Thursday, February 16, 2006

A Lunch Chat

As anyone can tell from my "authoritarian" post below, I tend to take a somewhat tongue-in-cheek approach to the beliefs on the other side of the political fence. That's not to say that I don't think the Bush cultists ought to be drummed out of political power. I certainly do believe that. But I also realize that the average rank-and-file conservative is not a rabid Bush worshipper like many rightwing bloggers, pundits and elected officials. I think most conservatives are just average folks like myself; folks who want good government, effective leadership, safe schools and towns, a decent job and so on.

In that sense, it was interesting for me today to listen in on an informal lunch chat that really helped flesh out a little bit of the conservative Midwestern mind. To set the stage: the company I work for recently divested itself of a plant in Brazil and has moved the head beancounter there and his family to Mississippi. Said Brazilian beancounter has been here in Wisconsin at our corporate office this week getting up to speed on how American accounting is done (lucky man was only subjected to about 20 minutes of Samurai Sam pedantry). As a welcome today, he and all of us various financial eggheads enjoyed a catered lunch, where we chatted up about the differences between Brazil and the United States. That was interesting in and of itself, but what really made me take notice in the conversation was when it turned to certain social issues. The talk around the room was a fascinating insight into how the small-town, Christian conservative view really plays out in every day life and I think it's something that is worth understanding.

First, a little background information is in order. For one, I am one of the few openly liberal folks working here, at least in my area. Second, a few of my co-workers know about this blog, but I don't believe any of them have ever read it. Also, none of my co-workers know that I am an atheist, secular humanist and Naturalist by way of moral philosophy. It's not something I've ever talked about, nor would I feel terribly comfortable talking about it at work. Finally, it's worth noting that this is a very, very conservative part of Wisconsin; a heady mix of NRA members and religious social conservatives. Which is what made the conversation so interesting.

The first topic that I really took interest in was when the Brazilian fellow began talking about the culture of Brazil. The other folks in the room repeatedly asked him about how safe and secure it was in Brazil. One even mentioned that they had heard that kidnappings and theft were fairly common. It really painted a picture of Brazil as a lawless place, which, of course, the Brazilian accountant was able to easily debunk. I thought it said a lot about what really concerns the conservative mind, especially in regard to other nations.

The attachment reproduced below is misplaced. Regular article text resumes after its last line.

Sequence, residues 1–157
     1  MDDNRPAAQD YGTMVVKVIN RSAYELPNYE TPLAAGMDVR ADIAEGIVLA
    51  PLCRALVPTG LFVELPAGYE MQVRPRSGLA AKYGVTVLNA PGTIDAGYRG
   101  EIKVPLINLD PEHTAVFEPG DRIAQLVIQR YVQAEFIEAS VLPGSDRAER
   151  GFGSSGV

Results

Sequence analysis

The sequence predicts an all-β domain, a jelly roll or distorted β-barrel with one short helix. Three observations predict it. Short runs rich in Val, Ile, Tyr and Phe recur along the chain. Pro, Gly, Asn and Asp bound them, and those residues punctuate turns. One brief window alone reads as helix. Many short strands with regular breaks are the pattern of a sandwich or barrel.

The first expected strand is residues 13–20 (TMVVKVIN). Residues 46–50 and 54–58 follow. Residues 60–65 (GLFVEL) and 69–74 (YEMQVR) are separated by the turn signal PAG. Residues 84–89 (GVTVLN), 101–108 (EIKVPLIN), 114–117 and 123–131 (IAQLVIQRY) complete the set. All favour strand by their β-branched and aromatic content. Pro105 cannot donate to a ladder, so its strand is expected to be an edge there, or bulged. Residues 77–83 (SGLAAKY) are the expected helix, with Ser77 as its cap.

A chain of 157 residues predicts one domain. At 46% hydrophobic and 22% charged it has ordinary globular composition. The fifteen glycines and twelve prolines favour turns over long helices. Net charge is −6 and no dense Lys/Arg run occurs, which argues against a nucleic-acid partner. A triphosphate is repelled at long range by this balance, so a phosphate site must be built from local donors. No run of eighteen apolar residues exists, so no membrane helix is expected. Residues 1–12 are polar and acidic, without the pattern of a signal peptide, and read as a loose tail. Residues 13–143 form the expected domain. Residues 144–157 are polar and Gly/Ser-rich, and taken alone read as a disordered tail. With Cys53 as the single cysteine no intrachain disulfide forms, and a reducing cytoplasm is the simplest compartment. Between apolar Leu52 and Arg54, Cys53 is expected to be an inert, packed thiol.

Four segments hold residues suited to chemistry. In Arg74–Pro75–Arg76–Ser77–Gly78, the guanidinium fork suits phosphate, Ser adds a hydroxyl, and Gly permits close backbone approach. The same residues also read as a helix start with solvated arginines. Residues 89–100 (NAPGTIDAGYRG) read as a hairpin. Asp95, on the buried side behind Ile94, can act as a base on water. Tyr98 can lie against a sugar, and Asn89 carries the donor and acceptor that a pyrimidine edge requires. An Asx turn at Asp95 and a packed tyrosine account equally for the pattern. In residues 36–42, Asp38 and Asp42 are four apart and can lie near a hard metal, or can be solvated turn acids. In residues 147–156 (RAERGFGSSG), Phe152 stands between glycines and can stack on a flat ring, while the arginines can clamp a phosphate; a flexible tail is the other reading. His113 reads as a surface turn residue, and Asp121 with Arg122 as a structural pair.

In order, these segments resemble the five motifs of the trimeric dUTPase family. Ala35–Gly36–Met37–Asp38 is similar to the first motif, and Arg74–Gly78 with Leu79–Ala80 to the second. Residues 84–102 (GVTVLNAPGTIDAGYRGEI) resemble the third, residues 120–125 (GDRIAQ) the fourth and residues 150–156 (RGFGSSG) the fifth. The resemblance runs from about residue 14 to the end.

For whatever the fear rhetoric by the Bush administration may be worth, it's hard to argue that it hasn't been effective in seeding itself into the conservative mind. Many conservatives are largely convinced that the U.S. is the last safe place on Earth, and even that safety is tenuous at best. Listening to the breathless questions about the dangers of life abroad during the lunch chat made me realize why these conservatives support Bush's illegal wiretapping and greater "War on Terror": they crave the promise of safety and security. And they're willing to sacrifice much to get it. It's easy for me, as a liberal, to talk about violations of civil rights and the law until I'm blue in the face, but I suspect that would have little impact on these folks. Reasoned arguments about Constitutional law and civil rights just don't ameliorate the irrational fear of foreigners cultivated by Bush and the Republicans, which has taken root in the conservative mind.

Along those same lines, questions about the rural life versus urban life also surfaced, to much the same reception. The Brazilian guy explained how cities in Brazil are massively populated in small areas, and rural homes are fairly uncommon. I couldn't help but get an impression of how strange and foreign this seemed to many of the conservatives in the room, all of whom are rural citizens. In fact, several of them are from Milwaukee originally and moved this way for the very purpose of getting away from anything resembling urban life. There is a prevailing belief among rural Midwesterners in the purity of rural life; that there is something corrupt and undesirable about city life that doesn't exist "out in the country". I think this is a very important sentiment, especially in light of the fact that major cities tend to be strongholds of liberalism (except Indianapolis, for some weird reason). I believe this tends to make conservatives blame any ill they see as a problem of urban corruption on liberalism and Democratic party ideals. It's a mismatched causal relationship; that "big city values" corrupt and since most liberals congregate in cities, liberal beliefs must be corrupt as well. I think that causes many rural conservatives to wall themselves off from liberal ideas that might gain traction if only they were considered on their merits.